Leeds University Library

Essay writing: the conclusion

The role of the conclusion

A conclusion is not a summary of everything you have just written. The conclusion should make it clear to the reader what the overall message and argument is that you want them to take away. It should end in a way that is thought provoking, and looks to the future. "The final paragraph should close the discussion without closing it off" (Harvard College Writing Centre).   

What should be in the conclusion?

Just like the introduction, there isn't one way to write a conclusion, and following one particular structure could lead to your conclusions becoming very formulaic. Here is a general guide to what you might include in a conclusion: 
  • A brief explanation of your main findings or ideas. Synthesise; don't summarise. Show how your separate points have built into one main idea or argument
  • Present your conclusion. What is the main message or argument you want your reader to take away? Make sure your conclusion is clearly supported by the evidence presented in the essay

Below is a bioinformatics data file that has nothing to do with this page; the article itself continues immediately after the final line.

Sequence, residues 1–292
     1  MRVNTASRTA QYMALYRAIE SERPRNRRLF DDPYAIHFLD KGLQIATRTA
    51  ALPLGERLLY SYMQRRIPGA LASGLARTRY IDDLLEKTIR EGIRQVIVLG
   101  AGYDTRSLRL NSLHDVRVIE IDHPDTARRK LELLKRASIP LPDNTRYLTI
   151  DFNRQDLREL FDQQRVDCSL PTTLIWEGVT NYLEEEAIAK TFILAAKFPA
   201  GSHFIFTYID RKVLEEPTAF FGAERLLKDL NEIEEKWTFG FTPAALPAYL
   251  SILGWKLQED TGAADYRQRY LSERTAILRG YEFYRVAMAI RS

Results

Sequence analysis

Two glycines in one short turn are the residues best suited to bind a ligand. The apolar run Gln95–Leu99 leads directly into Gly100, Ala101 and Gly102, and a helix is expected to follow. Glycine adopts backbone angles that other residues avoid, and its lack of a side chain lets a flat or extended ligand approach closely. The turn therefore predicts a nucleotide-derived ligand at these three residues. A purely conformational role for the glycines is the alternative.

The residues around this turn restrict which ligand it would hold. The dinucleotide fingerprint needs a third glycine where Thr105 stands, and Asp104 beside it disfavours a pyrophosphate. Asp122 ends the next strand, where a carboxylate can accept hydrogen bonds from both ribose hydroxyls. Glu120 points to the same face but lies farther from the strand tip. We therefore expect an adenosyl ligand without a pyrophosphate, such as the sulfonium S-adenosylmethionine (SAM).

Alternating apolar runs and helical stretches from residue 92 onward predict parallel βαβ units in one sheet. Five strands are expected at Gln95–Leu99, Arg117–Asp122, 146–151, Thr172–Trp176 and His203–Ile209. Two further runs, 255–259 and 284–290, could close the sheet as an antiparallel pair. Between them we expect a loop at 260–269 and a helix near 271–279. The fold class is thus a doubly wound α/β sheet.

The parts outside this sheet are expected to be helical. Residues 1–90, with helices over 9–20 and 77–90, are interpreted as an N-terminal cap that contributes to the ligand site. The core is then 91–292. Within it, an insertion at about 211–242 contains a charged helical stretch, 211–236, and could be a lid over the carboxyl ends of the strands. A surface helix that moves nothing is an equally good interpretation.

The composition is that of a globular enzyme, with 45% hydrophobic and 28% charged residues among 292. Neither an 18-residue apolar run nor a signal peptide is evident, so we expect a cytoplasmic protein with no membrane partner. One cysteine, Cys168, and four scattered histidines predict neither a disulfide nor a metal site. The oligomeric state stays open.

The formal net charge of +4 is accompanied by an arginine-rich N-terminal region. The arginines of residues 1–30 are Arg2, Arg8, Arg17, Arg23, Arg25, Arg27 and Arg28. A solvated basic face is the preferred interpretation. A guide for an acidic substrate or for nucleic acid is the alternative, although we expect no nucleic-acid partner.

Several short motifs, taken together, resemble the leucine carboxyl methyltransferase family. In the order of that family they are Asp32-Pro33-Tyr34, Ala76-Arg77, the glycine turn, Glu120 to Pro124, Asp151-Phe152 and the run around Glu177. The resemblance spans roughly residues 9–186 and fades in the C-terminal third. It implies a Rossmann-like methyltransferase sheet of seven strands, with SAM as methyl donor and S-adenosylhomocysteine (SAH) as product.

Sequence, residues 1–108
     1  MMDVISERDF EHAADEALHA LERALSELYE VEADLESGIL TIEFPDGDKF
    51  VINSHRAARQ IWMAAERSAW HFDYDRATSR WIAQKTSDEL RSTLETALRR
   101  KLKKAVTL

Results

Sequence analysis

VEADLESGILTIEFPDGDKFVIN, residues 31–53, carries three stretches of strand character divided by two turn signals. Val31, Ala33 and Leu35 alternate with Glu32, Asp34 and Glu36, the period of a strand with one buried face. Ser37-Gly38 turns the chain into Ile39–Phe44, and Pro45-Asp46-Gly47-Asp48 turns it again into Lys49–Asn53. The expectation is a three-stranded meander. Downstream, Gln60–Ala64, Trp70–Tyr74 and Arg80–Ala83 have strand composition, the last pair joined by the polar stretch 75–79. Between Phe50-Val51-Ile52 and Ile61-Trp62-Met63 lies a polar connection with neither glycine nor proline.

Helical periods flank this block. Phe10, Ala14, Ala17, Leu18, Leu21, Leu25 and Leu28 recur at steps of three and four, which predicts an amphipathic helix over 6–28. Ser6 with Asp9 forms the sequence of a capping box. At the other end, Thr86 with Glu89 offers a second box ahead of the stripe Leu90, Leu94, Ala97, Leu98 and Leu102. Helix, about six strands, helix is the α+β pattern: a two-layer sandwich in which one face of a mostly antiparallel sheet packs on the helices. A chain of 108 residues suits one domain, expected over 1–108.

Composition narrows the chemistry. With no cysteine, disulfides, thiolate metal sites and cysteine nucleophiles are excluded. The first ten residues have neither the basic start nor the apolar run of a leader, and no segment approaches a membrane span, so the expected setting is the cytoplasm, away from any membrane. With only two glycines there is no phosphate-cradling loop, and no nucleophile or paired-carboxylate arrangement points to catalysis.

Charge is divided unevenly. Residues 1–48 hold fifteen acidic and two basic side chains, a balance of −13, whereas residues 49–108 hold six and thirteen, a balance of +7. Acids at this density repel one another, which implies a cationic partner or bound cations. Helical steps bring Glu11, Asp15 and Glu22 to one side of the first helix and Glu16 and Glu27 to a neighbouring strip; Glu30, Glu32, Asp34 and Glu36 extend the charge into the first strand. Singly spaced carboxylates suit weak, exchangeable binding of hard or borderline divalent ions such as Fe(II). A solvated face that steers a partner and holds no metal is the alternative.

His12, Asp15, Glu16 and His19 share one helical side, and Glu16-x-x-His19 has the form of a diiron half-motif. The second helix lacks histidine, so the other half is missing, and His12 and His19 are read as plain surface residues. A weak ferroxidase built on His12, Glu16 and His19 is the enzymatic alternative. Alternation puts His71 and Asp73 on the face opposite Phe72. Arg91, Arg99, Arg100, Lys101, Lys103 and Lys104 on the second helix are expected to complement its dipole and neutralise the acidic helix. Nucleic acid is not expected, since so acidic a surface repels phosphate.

• At the end of your conclusion, move from the specific to the general. Can you set your discussion into a different or wider context? 

What to avoid in a conclusion

  • Don't summarise your whole essay or restate things you have already said
  • You are trying to end in an interesting way so you may want to avoid formulaic phrases such as "In conclusion"
  • Don't bring in any new material or evidence.

Example of a conclusion 

Take a look at this example of a conclusion, adapted from University of Manchester Library, University of Manchester under Creative Commons CC BY-NC 4.0.

Useful books on essay writing

You will find a number of great books on essay writing in the Laidlaw Library, Level 1, under Skills E-5.